2000 OPEN FORUM Abstracts
USE OF SHORT RELEASE TIME IN AIRWAY PRESSURE RELEASE VENTILATION. A PEDIATRIC CASE STUDY
James Martin, RRT, Dennis M. Super, MD, Jason Foland, MD, Terry Novotny, RRT, Maroun Mhanna, MD, Departments of Pediatrics, and Pulmonary Services, MetroHealth Medical Center, Cleveland, OH
INTRODUCTION: Airway Pressure Release Ventilation (APRV) is a mode of respiratory support that incorporates an intermittent, time cycled reduction in airway pressure during continuous positive airway pressure (CPAP). During APRV, CPAP is maintained allowing the patient to breathe spontaneously without a significant fluctuation in airway pressures. Spontaneous breathing at elevated pressures (P high) with a prolonged inspiratory time (T high) promotes oxygenation. A rapid change to exhalation (T low) to a lower pressure (P low) allows for passive exhalation and induces carbon dioxide elimination, this is also known as release time. We sought to use APRV on a patient with Acute Respiratory Distress Syndrome (ARDS) to improve oxygenation and ventilation by prolonging the inspiratory time (T High) and shortening the expiratory time (T Low) allowing for a quick dump of exhaled gases. CASE SUMMARY: A 2 and a half year old, 17 Kg, male with mental retardation and cerebral palsy was admitted to the Pediatric Intensive Care Unit for Respiratory Synctial Virus (RSV) induced respiratory failure, requiring intubation and mechanical ventilatory support. On admission his Chest X ray revealed a LLL infiltrate which evolved within a few days into ARDS. Initially the patient was volume ventilated on the Dragger Dura 2 Ventilator in the SIMV / PS mode with Auto-Flow. Later a rapid deterioration in the patient's oxygenation despite bag-valve and conventional ventilation warranted a trial of APRV. Initially the release time was set at 2.2 seconds then reduced to 0.2 seconds resulting in a marked improvement in oxygenation (see chart). The patient tolerated well the short release time and prolonged T high without further sedation or use of neuromuscular blockade. 5 days later the patient was successfully extubated.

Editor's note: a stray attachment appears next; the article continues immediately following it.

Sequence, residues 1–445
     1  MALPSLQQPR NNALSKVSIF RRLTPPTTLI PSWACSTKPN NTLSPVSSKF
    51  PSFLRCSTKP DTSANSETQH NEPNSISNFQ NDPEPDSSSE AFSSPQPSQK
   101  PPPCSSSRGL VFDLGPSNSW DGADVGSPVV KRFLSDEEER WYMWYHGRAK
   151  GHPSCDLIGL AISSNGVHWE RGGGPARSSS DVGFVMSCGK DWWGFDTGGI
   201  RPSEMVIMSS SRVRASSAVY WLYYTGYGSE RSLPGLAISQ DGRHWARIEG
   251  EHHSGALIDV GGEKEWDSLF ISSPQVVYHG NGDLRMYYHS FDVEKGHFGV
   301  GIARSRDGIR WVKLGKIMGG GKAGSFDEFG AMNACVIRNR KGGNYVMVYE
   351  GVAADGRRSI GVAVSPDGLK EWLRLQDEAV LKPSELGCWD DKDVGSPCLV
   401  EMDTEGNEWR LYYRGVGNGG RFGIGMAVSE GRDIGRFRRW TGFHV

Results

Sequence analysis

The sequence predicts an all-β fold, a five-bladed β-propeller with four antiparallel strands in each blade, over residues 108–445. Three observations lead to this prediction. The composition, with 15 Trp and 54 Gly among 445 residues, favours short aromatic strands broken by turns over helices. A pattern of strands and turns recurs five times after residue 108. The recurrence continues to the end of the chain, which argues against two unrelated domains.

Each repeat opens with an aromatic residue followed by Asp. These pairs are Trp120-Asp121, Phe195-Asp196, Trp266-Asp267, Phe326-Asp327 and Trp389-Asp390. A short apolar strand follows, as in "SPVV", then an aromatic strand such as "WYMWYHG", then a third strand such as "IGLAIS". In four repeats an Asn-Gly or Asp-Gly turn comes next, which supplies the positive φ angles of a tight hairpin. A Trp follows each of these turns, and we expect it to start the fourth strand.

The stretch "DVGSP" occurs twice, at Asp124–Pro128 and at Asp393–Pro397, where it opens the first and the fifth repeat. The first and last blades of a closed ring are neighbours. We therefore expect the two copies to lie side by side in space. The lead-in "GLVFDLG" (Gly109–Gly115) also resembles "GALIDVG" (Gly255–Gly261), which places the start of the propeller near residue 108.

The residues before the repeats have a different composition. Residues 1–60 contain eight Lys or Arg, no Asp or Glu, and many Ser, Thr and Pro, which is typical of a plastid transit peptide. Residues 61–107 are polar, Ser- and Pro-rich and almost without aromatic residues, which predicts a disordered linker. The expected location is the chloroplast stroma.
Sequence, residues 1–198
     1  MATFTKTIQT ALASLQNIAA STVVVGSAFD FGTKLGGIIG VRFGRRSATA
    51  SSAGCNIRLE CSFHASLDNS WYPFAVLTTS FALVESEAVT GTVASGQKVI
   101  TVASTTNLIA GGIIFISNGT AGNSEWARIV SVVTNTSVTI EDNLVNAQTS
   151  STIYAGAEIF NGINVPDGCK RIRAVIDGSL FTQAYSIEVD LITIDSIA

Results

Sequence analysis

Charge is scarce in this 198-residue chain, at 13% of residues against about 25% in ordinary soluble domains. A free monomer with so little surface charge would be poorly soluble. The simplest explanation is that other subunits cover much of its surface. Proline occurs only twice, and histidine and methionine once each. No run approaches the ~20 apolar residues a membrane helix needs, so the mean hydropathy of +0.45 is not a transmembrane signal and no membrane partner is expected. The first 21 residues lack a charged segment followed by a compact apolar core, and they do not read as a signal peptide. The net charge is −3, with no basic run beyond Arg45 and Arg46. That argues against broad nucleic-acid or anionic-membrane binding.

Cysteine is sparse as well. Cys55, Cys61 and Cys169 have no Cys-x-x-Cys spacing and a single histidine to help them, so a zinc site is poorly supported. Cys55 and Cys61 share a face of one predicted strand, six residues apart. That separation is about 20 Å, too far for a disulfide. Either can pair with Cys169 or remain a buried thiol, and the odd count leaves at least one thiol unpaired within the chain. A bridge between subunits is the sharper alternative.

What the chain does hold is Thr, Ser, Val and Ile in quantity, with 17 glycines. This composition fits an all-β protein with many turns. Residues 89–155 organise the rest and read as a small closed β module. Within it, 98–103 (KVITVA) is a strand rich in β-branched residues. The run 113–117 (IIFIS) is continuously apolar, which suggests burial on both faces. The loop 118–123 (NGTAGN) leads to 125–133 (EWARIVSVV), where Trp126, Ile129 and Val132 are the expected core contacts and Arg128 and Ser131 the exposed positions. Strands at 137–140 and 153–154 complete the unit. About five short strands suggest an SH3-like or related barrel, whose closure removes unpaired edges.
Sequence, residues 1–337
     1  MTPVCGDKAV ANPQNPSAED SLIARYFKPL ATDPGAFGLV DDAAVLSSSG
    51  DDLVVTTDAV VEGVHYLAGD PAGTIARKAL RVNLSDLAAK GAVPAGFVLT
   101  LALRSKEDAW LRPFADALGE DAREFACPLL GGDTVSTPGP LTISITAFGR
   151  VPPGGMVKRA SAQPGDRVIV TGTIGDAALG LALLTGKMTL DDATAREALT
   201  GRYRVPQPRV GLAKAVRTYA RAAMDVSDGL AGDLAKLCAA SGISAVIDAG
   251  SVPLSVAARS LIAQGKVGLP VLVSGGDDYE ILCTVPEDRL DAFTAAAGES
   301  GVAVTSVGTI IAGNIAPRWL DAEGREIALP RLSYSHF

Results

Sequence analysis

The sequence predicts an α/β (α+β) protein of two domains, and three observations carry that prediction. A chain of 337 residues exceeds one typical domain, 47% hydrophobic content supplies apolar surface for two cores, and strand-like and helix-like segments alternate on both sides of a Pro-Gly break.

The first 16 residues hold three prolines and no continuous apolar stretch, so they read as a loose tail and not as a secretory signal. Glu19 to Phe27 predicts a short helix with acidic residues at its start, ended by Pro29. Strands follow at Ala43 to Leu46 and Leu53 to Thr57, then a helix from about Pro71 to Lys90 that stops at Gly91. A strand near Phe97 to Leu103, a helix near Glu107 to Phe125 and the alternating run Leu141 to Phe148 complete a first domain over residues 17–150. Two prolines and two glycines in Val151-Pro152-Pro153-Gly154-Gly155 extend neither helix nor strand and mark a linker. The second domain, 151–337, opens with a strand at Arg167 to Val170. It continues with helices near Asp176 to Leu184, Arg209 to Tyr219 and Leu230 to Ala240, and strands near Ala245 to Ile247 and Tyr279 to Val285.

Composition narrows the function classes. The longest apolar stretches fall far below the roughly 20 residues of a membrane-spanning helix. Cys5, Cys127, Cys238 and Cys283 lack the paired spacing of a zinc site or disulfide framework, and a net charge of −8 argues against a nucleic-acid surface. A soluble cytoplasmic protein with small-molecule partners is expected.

|Mode||F1O2||Ti /Te||End Pressure||Peak||MAP||SpO2||MV|
|SIMV / PS||.50||0.7/2.3||PEEP 8||31||14||94||2.6|
|APRV Long Release||1.0||1.8/2.2||P Low 8||28||16||95||2.8|
|ABG pH 7.37 PaCO2 69 PaO2 78 (PaO2 / F1O2 = 69)|
|APRV Short Release||1.0||1.5/0.2||P Low 8||26||22||100||2.7|
|ABG pH 7.32 PaCO2 65 PaO2 250 (PaO2 / F1O2 = 250)|
|Ti = inspiratory time, Te = expiratory time, MV = minute ventilation|
DISCUSSION: The use of APRV with a short release time improved oxygenation and maintained ventilation. Both long and short release times produced peak pressures lower then conventional ventilation. APRV seems to be a safe and effective alternative to conventional mechanical ventilation in children with ARDS secondary to RSV.